Author(s): Bisaga A, Evans SM
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Abstract BACKGROUND: Alcohol effects in humans involve gamma-amino butyric acid (GABA) neurotransmission. It has been proposed that GABAergic medications may be effective in the treatment of alcohol dependence. This study evaluated the acute effects of gabapentin, an anticonvulsant that increases extracellular GABA, on the subjective, physiological, and performance effects of alcohol in heavy (mean 34 drinks per week) alcohol drinkers. METHODS: Seventeen volunteers without alcohol dependence were tested using a double-blind design with three 3-day long inpatient phases, each separated by at least a 1-week wash-out period. Each phase, gabapentin (0, 1000, or 2000mg) was administered 4h before alcohol (0.75g/kg), which was given in four divided doses every 20min. RESULTS: Gabapentin impaired the ability to balance without producing changes in subjective, physiological or other performance measures. Pretreatment with gabapentin did not significantly alter subjective and performance effects of alcohol and did not alter alcohol craving. Gabapentin, dose-dependently enhanced alcohol-induced tachycardia. CONCLUSIONS: Acute gabapentin administration was well tolerated in combination with alcohol, but did not alter the effects of alcohol.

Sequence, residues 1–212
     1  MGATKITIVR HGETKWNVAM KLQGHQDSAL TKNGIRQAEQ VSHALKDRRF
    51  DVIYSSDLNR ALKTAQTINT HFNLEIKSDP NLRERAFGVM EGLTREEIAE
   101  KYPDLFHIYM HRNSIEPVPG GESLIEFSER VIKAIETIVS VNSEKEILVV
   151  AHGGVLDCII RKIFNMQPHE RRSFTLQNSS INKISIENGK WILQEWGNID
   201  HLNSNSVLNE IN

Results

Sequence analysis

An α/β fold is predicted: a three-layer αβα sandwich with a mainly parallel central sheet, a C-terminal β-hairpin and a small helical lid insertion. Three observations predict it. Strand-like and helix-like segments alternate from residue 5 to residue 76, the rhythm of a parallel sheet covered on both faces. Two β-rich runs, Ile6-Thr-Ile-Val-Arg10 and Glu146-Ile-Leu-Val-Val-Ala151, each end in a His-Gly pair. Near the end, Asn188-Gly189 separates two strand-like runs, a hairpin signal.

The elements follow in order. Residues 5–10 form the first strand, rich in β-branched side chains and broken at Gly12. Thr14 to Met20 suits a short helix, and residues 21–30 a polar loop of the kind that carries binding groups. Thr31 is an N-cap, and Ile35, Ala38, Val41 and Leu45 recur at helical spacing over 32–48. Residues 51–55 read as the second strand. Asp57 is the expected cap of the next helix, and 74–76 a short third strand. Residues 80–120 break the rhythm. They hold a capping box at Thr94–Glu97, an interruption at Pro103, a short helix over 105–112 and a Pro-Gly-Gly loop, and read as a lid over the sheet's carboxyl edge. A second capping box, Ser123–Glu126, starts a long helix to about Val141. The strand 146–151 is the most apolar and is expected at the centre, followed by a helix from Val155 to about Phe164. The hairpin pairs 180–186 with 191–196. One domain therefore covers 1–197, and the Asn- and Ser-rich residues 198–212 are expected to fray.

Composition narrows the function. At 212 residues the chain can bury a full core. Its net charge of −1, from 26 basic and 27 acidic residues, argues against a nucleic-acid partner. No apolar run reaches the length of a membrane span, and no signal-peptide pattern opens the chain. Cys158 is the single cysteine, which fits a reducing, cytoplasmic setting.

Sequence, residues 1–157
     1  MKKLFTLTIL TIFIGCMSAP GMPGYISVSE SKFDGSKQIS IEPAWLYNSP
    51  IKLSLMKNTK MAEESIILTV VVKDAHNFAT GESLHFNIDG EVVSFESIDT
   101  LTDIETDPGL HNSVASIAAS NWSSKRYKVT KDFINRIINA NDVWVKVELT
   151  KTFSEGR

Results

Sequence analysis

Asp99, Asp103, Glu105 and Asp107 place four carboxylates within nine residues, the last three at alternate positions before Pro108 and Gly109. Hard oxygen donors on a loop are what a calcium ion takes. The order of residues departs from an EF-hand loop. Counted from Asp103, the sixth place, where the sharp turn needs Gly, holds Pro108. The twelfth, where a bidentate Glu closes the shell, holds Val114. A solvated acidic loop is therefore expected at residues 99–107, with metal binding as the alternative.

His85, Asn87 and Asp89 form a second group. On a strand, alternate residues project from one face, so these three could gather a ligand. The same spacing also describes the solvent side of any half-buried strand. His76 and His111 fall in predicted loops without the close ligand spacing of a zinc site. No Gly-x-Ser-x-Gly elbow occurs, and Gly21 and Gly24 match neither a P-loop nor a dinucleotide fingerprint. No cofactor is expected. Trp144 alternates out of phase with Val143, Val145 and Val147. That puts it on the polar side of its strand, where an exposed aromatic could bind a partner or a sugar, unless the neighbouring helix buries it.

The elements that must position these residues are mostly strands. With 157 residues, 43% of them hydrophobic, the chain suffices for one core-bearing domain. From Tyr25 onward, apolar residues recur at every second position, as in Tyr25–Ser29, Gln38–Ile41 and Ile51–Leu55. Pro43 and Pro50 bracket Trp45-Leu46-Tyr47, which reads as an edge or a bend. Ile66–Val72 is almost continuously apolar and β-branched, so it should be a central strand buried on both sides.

This article was published in Drug Alcohol Depend
and referenced in International Journal of Neurorehabilitation